As a special treat, allow me to connect some dots between terms of public discourse: How Japan gets kid-gloved in international debate because it gets treated, consciously or unconsciously, with religious reverence.
It’s a theory I’ve been developing in my mind for several years now: How Japan has no religion except “Japaneseness” itself, and how adherence (or irreverence) towards it produces zealots and heretics who influence the shape and scope of Japan-connected debate.
So let me type in two works — one journalistic, the other polemic — and let you connect the dots as I did when I discovered them last November. I hope you find the juxtaposition as insightful as I did.
National Geographic May 1994, on world rice: “Next stop, Japan. At the Grand Shrines of Ise, 190 miles southwest of Tokyo, the most revered precinct of Japan’s Shinto religion, white-robed priests cook rice twice daily and present it to the sun goddess, Amaterasu, who, they say, is the ancestor of the imperial family.
“The goddess brought a handful of rice from the heavens,” a senior priest tells me, “so that we may grow it and prosper.” He adds that in the first ceremony performed by each new emperor, he steps behind a screen to meet the goddess and emerges as the embodiment of Ninigi no Mikoto, the god of the ripened rice plant. Then every autumn the emperor sends to Ise the first stalks harvested from the rice field he himself has planted on the imperial palace gorunds. All Japanese, says the priest, owe their kokoro — their spiritual essence, their Japaneseness — to the goddess, “and they maintain it by eating rice, rice grown in Japan.”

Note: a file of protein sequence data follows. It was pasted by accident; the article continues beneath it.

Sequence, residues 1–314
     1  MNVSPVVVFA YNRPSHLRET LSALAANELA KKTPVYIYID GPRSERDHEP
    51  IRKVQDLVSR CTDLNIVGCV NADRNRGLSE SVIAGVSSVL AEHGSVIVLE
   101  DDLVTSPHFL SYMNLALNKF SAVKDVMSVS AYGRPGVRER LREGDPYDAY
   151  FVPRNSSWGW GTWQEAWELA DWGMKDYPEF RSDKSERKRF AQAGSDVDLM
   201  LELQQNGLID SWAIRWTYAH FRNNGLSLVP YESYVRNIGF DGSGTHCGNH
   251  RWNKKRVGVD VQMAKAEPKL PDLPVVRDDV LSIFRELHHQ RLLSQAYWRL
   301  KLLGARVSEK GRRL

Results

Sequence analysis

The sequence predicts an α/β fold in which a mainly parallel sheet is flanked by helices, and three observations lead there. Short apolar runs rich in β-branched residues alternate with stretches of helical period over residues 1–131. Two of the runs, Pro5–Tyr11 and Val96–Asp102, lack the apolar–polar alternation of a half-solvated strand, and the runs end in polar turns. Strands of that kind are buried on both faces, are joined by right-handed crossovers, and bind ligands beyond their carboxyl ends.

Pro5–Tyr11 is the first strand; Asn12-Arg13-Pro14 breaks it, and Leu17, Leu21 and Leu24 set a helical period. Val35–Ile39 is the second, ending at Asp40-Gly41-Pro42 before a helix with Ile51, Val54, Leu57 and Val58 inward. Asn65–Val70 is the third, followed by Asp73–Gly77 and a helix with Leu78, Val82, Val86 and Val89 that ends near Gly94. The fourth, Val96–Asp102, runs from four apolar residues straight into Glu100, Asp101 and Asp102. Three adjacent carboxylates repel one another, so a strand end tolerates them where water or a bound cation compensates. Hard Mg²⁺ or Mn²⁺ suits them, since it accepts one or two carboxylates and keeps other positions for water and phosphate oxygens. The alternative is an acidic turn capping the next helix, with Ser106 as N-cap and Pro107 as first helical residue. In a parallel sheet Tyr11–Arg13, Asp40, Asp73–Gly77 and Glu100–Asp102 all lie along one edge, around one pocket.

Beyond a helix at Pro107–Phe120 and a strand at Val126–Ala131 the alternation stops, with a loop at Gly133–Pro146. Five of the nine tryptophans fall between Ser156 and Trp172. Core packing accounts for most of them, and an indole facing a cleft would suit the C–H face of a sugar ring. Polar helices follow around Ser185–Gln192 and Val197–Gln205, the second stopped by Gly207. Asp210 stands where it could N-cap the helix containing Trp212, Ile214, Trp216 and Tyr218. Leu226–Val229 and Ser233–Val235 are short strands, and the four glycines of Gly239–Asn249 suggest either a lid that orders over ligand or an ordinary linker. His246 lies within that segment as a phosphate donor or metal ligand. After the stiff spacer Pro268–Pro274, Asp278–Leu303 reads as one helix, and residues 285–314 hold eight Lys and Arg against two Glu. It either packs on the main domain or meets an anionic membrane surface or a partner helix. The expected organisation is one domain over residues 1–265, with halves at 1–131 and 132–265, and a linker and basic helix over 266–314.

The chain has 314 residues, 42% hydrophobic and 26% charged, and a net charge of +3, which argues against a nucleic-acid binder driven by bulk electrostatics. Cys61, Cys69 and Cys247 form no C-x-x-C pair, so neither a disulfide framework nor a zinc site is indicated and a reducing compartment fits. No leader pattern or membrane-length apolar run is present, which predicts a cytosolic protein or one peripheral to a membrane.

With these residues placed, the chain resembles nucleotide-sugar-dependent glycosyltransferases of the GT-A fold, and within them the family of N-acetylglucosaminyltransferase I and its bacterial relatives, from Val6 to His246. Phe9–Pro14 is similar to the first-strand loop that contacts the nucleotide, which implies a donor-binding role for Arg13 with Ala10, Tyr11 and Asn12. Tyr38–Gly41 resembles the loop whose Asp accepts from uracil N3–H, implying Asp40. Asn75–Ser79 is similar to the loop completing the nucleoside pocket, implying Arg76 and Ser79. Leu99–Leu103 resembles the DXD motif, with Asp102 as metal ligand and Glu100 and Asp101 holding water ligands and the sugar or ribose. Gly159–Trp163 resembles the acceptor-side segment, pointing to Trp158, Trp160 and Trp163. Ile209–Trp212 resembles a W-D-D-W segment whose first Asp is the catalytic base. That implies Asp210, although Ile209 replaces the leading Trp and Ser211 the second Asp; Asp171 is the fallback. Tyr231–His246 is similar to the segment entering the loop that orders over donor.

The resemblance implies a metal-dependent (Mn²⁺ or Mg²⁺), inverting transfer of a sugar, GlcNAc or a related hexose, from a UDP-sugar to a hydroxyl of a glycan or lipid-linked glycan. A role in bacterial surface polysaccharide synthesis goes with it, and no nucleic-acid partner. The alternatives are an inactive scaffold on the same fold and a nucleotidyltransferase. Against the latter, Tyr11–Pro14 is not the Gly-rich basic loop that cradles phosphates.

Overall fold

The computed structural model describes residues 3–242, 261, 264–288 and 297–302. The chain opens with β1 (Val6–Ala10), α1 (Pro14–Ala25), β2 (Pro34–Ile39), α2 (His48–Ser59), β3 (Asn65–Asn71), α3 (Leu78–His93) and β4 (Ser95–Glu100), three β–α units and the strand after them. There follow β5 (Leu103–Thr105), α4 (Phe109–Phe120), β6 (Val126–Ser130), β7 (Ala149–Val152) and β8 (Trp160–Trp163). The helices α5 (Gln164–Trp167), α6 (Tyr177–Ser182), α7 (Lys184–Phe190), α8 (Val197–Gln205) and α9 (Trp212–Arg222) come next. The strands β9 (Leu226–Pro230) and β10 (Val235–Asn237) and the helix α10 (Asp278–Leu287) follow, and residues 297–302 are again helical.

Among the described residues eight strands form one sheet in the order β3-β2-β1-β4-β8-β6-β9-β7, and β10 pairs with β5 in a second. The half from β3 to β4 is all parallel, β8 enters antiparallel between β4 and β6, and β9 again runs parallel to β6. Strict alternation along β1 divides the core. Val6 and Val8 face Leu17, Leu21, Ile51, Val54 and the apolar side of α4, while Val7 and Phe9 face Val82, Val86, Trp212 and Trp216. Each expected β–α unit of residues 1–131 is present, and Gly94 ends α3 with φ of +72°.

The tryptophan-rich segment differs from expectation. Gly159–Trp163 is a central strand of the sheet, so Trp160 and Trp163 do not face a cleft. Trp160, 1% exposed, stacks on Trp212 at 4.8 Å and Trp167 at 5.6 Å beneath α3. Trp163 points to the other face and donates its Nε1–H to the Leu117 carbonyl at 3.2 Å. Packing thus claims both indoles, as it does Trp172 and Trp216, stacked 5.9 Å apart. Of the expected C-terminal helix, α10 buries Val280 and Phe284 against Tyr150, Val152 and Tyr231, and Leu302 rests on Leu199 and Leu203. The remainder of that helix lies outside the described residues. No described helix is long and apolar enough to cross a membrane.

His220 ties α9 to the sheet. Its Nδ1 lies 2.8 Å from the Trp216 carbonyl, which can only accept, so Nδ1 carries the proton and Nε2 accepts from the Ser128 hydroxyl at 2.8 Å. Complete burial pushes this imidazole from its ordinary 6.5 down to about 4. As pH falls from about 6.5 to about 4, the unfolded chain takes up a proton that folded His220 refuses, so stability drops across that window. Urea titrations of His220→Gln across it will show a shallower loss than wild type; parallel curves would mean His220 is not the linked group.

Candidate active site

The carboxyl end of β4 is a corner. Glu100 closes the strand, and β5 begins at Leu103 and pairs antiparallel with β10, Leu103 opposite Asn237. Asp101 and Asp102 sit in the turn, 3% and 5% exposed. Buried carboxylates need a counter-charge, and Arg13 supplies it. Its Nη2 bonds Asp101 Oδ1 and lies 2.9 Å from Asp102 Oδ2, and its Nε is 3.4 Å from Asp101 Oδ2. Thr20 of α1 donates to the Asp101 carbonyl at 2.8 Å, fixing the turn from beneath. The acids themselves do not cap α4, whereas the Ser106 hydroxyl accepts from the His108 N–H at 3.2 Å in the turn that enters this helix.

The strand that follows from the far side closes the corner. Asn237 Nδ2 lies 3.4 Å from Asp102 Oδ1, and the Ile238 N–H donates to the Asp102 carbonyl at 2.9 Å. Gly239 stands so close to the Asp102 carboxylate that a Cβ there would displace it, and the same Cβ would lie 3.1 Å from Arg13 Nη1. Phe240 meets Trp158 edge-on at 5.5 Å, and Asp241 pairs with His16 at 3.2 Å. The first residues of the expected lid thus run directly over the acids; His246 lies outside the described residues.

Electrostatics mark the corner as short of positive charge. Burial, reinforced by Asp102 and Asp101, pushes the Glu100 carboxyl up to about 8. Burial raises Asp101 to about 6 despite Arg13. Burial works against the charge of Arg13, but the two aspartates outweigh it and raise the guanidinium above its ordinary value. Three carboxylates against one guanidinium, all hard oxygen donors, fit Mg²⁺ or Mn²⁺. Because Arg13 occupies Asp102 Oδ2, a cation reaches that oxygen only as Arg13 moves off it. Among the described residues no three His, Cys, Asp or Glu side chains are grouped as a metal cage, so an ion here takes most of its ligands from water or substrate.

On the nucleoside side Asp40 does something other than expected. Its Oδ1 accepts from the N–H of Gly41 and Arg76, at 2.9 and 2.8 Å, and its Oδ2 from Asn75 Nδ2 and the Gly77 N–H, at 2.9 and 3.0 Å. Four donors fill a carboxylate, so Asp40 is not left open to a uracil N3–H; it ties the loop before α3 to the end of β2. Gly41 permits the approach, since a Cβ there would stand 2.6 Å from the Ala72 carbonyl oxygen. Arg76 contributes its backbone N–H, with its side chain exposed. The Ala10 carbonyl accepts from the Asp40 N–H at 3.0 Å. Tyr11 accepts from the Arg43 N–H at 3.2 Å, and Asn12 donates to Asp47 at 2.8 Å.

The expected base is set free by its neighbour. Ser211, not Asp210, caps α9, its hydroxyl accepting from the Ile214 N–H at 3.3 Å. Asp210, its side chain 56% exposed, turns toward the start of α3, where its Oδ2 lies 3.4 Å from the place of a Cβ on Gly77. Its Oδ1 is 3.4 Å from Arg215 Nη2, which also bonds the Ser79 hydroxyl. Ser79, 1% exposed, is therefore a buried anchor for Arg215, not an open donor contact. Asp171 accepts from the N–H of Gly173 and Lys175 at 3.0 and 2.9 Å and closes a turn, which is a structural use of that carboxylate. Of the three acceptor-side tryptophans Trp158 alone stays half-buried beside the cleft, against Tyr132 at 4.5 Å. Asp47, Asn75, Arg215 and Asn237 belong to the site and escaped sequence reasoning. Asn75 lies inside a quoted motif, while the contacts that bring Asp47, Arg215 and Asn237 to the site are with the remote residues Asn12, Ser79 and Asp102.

Japanese law, in fact, long restricted the importation of rice. “Rice is a very special case,” explained Koji Futada, then parliamentary vice minister for agriculture, forestry, and fisheries. “It is our staple food, and so we must have a reliable supply as a matter of national security. That is why we politicians favor sulf-sufficiency, the domestic growing of all the rice we eat.”
Richard Dawkins, “The God Delusion”: “A widespread assumption, which nearly everybody in our society accepts — the non-religious included — is that religious faith is especially vulnerable to offence and should be protected by an abnormally thick wall of respect, in a different class from the respect that any human being should pay to any other… If the advocates of apartheid had their wits about them they would claim — for all I know truthfully — that allowing mixed races is against their religion. A good part of the opposition would respectfully tiptoe away.”